Loyola University Chicago

Institute of Environmental Sustainability


Q & A with Keynote Speaker Dr. George Crabtree

In February, we sat down with Dr. George Crabtree to discuss his interests in energy research and his work as Director of the Joint Center for Energy Storage Research (JCESR). Dr. Crabtree will be delivering our Climate Change Conference’s Keynote Address on Thursday, March 19 at 7 p.m. in Mundelein Auditorium. He is a Distinguished Professor of Physics, Electrical, and Mechanical Engineering at the University of Illinois at Chicago. 

Please note: this interview has been edited for length.

IES: They call you the Guru of Green at UIC. How did you get that reputation?

Dr. Crabtree:  It started in 2002, when I got a call from the Department of Energy. I was working full-time at Argonne and the DOE asked me to help organize a conference on energy. I said to myself, you know, I don’t have time for this. I’m fully occupied with other things. But, I got hooked. I began to understand how big the problem [of finding a sustainable solution to energy] is, and how important it is for all of us to solve it. One thing I realized is that as a technical person, you miss 60 percent of the challenge. The challenge is to make things happen in the world. To deploy technology to change people’s culture and habits and the way they think about energy. That’s Policy. That’s Sociology. It’s so much more than science.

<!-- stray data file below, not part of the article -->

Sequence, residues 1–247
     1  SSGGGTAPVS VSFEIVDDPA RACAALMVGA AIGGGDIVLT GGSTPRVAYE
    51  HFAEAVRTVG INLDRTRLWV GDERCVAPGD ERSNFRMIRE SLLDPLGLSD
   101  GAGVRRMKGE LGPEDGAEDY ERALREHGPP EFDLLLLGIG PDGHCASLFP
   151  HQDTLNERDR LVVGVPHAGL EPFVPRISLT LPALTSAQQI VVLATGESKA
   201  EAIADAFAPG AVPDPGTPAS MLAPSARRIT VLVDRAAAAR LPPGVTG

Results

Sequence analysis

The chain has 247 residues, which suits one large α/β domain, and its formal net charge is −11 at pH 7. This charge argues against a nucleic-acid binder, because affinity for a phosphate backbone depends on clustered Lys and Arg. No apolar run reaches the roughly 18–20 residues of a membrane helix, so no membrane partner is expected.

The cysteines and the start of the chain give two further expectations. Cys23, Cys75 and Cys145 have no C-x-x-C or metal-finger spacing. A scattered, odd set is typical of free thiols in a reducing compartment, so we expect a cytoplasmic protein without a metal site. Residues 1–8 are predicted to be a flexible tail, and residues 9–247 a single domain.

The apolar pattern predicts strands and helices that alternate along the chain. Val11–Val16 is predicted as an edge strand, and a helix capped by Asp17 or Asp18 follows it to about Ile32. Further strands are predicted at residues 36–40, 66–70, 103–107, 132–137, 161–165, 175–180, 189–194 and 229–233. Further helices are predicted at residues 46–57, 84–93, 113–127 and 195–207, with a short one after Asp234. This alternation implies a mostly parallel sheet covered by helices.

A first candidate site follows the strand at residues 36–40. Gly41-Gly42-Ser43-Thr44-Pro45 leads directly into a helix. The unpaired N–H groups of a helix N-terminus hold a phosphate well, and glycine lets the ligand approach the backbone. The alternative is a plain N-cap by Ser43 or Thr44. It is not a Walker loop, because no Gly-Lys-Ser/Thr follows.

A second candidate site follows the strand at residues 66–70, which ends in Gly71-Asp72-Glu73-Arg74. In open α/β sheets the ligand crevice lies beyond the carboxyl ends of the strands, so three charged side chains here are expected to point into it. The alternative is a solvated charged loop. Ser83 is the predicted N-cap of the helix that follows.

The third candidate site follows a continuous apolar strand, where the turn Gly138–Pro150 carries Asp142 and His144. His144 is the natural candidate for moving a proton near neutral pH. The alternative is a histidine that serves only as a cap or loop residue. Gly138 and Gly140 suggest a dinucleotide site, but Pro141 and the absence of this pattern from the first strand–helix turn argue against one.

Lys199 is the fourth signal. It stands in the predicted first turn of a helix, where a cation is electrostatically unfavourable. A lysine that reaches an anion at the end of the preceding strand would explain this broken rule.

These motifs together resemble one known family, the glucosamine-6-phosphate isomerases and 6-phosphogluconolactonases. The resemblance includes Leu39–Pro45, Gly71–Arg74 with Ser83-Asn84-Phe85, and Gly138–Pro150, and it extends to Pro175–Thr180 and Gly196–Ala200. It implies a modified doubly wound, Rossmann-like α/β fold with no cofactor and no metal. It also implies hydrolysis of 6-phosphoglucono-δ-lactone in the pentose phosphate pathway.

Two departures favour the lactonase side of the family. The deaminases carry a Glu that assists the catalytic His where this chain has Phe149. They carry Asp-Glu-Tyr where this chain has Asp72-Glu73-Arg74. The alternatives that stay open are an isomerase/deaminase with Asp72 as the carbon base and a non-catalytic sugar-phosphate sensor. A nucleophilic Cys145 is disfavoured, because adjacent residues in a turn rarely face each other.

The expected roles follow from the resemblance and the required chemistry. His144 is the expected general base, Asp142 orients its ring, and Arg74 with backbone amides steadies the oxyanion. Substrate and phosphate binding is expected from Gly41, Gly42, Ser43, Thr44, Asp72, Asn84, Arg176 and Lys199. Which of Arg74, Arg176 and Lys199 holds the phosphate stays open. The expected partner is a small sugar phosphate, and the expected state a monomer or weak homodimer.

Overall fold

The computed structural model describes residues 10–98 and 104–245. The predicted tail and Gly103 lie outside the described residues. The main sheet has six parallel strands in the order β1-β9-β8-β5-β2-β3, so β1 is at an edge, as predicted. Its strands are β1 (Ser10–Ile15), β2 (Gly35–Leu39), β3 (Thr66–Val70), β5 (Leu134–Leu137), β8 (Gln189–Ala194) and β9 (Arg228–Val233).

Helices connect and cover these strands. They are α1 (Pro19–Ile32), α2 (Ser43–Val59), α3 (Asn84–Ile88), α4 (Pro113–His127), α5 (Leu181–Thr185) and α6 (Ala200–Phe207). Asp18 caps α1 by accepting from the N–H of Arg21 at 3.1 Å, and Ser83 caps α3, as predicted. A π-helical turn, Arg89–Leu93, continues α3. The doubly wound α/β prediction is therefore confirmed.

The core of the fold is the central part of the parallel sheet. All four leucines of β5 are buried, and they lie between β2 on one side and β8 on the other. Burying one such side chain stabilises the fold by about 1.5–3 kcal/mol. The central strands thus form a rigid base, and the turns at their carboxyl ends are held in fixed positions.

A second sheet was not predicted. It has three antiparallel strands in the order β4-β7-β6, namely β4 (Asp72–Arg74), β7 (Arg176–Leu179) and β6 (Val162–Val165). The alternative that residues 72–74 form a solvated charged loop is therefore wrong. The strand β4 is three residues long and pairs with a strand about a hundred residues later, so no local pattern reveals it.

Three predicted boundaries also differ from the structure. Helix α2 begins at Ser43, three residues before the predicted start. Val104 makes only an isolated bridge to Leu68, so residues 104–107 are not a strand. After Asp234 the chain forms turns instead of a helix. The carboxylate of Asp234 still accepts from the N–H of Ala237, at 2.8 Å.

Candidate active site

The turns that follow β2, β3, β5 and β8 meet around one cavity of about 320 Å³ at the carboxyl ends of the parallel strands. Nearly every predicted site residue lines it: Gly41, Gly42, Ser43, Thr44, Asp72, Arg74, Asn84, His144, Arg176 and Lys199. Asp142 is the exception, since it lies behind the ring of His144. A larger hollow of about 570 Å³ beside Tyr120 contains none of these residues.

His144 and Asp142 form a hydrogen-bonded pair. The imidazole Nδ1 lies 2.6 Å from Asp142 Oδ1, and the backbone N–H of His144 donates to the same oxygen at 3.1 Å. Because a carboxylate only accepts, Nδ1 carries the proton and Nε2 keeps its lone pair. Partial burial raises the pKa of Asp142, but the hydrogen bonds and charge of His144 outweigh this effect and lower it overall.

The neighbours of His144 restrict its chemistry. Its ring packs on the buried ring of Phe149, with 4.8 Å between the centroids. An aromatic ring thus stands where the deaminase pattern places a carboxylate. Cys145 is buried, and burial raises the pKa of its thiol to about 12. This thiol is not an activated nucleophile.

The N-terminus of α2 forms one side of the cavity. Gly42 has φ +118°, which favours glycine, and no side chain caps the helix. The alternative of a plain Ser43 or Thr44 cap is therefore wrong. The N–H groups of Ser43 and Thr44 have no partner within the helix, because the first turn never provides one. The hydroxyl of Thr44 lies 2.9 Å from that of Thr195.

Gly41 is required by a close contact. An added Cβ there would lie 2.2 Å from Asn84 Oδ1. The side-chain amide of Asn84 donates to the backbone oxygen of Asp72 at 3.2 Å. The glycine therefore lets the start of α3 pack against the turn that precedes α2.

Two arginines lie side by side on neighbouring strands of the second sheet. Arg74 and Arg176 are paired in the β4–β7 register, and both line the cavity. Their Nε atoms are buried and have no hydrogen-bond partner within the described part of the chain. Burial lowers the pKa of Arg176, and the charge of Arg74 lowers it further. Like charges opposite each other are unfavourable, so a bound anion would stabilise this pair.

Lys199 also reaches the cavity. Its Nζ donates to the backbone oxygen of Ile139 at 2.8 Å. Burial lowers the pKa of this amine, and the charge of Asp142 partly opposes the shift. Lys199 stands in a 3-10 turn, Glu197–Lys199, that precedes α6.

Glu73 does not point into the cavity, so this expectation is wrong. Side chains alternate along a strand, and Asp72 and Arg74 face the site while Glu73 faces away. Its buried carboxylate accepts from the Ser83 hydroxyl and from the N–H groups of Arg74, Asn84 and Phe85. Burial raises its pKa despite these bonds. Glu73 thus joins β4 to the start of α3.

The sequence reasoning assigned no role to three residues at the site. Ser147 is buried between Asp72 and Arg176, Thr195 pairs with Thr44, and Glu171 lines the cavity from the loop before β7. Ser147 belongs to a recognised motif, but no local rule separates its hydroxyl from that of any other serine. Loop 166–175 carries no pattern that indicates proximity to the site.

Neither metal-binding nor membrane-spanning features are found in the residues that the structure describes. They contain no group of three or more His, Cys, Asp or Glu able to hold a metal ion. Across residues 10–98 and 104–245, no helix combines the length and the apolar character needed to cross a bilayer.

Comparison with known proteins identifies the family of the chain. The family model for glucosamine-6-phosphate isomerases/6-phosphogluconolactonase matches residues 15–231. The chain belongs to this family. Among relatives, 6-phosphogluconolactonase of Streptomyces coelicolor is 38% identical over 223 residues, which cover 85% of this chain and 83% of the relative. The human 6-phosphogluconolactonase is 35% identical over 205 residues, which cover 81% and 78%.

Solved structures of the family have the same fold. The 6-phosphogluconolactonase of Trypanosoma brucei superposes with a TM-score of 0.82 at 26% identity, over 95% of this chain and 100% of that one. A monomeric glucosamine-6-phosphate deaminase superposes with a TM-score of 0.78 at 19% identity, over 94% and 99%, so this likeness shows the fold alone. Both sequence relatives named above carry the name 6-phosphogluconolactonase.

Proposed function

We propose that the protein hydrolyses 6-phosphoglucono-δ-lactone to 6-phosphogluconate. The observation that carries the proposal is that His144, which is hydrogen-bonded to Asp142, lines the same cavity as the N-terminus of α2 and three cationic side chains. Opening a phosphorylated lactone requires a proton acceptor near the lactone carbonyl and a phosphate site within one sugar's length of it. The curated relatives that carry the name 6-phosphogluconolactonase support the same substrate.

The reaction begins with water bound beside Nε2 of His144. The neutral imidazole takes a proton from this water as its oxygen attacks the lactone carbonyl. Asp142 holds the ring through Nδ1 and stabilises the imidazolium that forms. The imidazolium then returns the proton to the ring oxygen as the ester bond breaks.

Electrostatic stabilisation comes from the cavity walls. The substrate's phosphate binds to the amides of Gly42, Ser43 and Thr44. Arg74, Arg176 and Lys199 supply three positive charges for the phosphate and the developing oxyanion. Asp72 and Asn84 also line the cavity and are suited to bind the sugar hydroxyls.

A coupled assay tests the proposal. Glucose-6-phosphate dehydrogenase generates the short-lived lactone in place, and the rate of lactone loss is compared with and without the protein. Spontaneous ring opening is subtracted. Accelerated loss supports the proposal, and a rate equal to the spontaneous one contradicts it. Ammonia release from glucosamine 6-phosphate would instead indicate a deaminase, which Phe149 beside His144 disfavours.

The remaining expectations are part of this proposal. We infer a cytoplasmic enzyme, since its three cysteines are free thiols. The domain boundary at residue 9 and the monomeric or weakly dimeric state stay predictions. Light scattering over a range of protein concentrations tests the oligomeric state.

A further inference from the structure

IES:  Can you talk about the big picture in terms of energy? Where is our energy coming from now?

Dr. Crabtree:  Before the fracking boom, oil was a challenge because most of our oil came from foreign countries. In 2008, the US imported 60 percent of its oil—that’s dangerous because some of this oil came from places that weren’t stable. Then fracking happened.  Nobody expected it. And now, the last number I looked at was that 25 percent of our oil is imported. Suddenly, it’s very different.  Seven years later. That’s an example of something that’s going to happen regardless [of our personal energy consumption]. I think the net impact of fracking is that it gave us more time.

We are moving away from coal. People realize coal is a much bigger CO2emitter than any other fossil fuel. The EPA and the present administration are encouraging us to move away from the big carbon emitters. Now, it looks like we have lots of natural gas. That’s everybody’s favorite for producing power right now. That’s only half the battle. You have to go to wind and solar to really make up the difference. That’s happening too. Wind and solar [energy] make up four percent of the electricity we use. Even that’s changing fast—though the numbers are small the growth rate is phenomenal. Many states have laws on their books that say you must have a renewable portfolio standard in place by 2020. That’s twenty percent of electricity coming from wind and solar.

IES:  At the conference, you’ll talk about energy storage technology and batteries. What’s the current state of batteries? How will finding new batteries change our energy use?

Dr. Crabtree: Twenty percent of our energy flows through a gas tank of a car. And, about thirty nine percent flows as electrons through the electricity grid. These two things together make up two thirds of all the energy we use. You can expect that if you can impact these two items in a positive way, you are going to have a big impact.